Horror, Inc. argued that Miller was an employee when he wrote the script, which made it a “work made for hire.” The court disagreed, but the rights holder should have had another argument in its back pocket – one that would have been much cleaner and could have changed the result of the case.

Employment is just one path for designating something a “work made for hire.” Another path toward the same designation is to have a “specially commissioned work.”

If Miller’s contract to write the movie had indicated that the movie was a specially commissioned work for use as part of a motion picture, it would not have mattered whether he was an employee or an independent contractor. The “specially commissioned work” designation would have made the work a “work made for hire” without getting into the messiness of employment, which would mean that Miller could not reclaim any rights after 35 years. This circular from the copyright office explains the “specially commissioned work” rule.

There are important lessons from this case for anyone seeking to engage a writer, whether it’s a freelancer or a script writer.

First, think through the implications of employee vs. independent contractor, not only in the context of employment law but also copyright law.

Second, consider a belt-and-suspenders approach. Even if the writer is your employee under labor law, the writer might not be your employee under U.S. Copyright Act — at least according to the Horror, Inc. case. Consider Plan B. You maybe able to designate the work a “specially commissioned work” or use one of the other definitions of a “work made for hire,” assuming that the facts fit within the definition.

But there are pitfalls to the second approach too. The California Labor Code says that if a work is a “work made for hire,” then the relationship between the writer and the acquirer is automatically employment, at least under certain provisions in the Labor Code. See Cal. Unemp. Ins. Code Section 686 and Cal. Lab. Code Section 3351.5(c).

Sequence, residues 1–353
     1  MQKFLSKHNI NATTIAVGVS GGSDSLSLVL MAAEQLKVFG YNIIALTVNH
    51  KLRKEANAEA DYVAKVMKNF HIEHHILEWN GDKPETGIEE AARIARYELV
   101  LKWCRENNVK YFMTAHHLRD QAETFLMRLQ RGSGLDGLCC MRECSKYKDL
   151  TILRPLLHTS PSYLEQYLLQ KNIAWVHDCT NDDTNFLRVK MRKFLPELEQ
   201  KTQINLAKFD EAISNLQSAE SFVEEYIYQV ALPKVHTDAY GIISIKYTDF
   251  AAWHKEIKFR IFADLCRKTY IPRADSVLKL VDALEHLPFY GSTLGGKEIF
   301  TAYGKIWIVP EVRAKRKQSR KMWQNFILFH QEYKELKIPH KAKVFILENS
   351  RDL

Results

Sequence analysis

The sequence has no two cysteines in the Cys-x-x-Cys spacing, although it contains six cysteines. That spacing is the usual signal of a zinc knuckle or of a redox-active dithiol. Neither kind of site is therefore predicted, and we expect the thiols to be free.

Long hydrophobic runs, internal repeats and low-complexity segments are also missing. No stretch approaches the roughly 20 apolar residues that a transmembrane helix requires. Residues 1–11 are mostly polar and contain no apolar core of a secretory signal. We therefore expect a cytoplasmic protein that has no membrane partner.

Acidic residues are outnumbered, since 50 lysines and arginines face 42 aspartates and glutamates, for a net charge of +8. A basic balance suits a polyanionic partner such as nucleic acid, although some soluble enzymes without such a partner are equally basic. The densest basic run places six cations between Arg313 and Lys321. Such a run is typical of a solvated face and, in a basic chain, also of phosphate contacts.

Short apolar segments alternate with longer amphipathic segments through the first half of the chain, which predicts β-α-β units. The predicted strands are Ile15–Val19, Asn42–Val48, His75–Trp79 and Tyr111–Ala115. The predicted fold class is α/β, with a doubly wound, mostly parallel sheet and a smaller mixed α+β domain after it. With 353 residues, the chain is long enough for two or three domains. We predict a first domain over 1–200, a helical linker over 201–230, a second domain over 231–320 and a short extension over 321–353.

If the California Economic Development Department (EDD) performs a misclassification audit, it will likely ask for all independent contractor agreements, and if a deliverable has been designated as a “work made for hire,” that may serve as conclusive proof of misclassification, with back assessments owed for failure to pay unemployment taxes.

You can get around the whole “work made for hire” issue by assigning the work, but that leaves the door open for the writer to reclaim the copyright after 35 years. And we’re right back where we started.

The independent contractor vs. employee decision has important implications in copyright law that are often overlooked. The Horror, Inc. case is a good reminder of some of the surprises that may arise many years later.

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© 2021 Todd Lebowitz, posted on WhoIsMyEmployee.com, Exploring Issues of Independent Contractor Misclassification and Joint Employment. All rights reserved.